Thinking Big About Union Station

Union Station TrainboardIt’s Sunday, and that means the Washington Post Sunday Magazine is out, and this weekend’s cover story is one that could impact local businesses in multiple and far-reaching ways, a subject that’s always near and dear to hearts of many of our clients. The expansive article is about a massive improvement project being considered for Union Station. There are obstacles to this plan, and of course, financing needs to be pulled together, but the scope of the proposal is nothing short of breathtaking.

The total cost would be approximately $10 billion, and would be funded through a combination of public and private funding. If the project comes to fruition, it would not just irrecoverably change Washington, DC, it would change the whole region – from Baltimore down to DC, from Frederick, MD to DC, from Richmond to DC, and from the WV state line to DC. In short, there would be changes felt almost everywhere in the Greater DC Region (or the “DMV” as it’s sometimes called, the acronym standing for DC-Maryland-Virginia), and those changes would ripple out for decades.

As the article hypothesizes, the transformation of Union Station would have the same galvanizing effect on this area regarding commerce that the construction of Grand Central Station had on New York City, and the 50-mile radius around New York City, turning it into an economic powerhouse.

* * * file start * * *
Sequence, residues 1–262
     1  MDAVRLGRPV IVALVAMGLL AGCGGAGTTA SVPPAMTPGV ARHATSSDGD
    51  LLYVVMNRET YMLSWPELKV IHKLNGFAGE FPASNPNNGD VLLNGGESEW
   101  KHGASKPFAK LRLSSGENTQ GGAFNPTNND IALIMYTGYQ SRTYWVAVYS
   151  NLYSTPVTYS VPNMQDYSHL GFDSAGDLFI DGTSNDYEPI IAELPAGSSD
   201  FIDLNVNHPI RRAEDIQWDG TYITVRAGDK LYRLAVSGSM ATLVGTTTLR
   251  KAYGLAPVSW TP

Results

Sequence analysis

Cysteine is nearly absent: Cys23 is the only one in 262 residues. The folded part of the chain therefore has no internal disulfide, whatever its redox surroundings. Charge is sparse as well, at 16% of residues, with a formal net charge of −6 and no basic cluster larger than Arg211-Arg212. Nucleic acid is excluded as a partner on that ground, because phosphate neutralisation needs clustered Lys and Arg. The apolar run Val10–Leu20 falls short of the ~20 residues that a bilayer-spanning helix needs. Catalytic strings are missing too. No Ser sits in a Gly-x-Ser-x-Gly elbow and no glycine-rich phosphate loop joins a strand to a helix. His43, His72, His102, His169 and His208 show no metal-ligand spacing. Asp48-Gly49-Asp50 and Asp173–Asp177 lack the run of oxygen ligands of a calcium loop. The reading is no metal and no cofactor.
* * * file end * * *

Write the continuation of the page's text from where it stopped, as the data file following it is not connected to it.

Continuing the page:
It’s a given that there would be various pockets of strong opposition to such a plan. It’s an audacious, visionary plan that’s going to cost a lot of money (some of it public), it’s going to require many years of construction-related hassle, and finally, it’s going to completely change Union Station and the area around it. So, there will be immediate, and rabid, screaming from anti-tax groups about using public money to grow the area business base, there will be protests from neighborhood groups and “NIMBY” (not in my backyard) organizations, there will be people stating matter-of-factly that “rail is dead”, and there will also be people that will say that they’re all for spending the money, and moving houses and businesses around, if they could just be certain they’re going to get a good return for their trouble, people that will smugly maintain that they “just don’t believe” the projected returns, and they never will.

And those are only the major groups of naysayers – there will smaller, more numerous groups of people saying something similar to, “It’ll never work”.

With this as the backdrop, it would be so easy to throw up your hands and say the Union Station expansion will never get done the way it should be done, but let us be optimistic for now. It would be a great boon for business interests in the DMV, not to mention a huge improvement in mass transit options for the population of the region.

So, read the article. Think about it. Discuss it with other business owners. And we’ll just see how this plays out.


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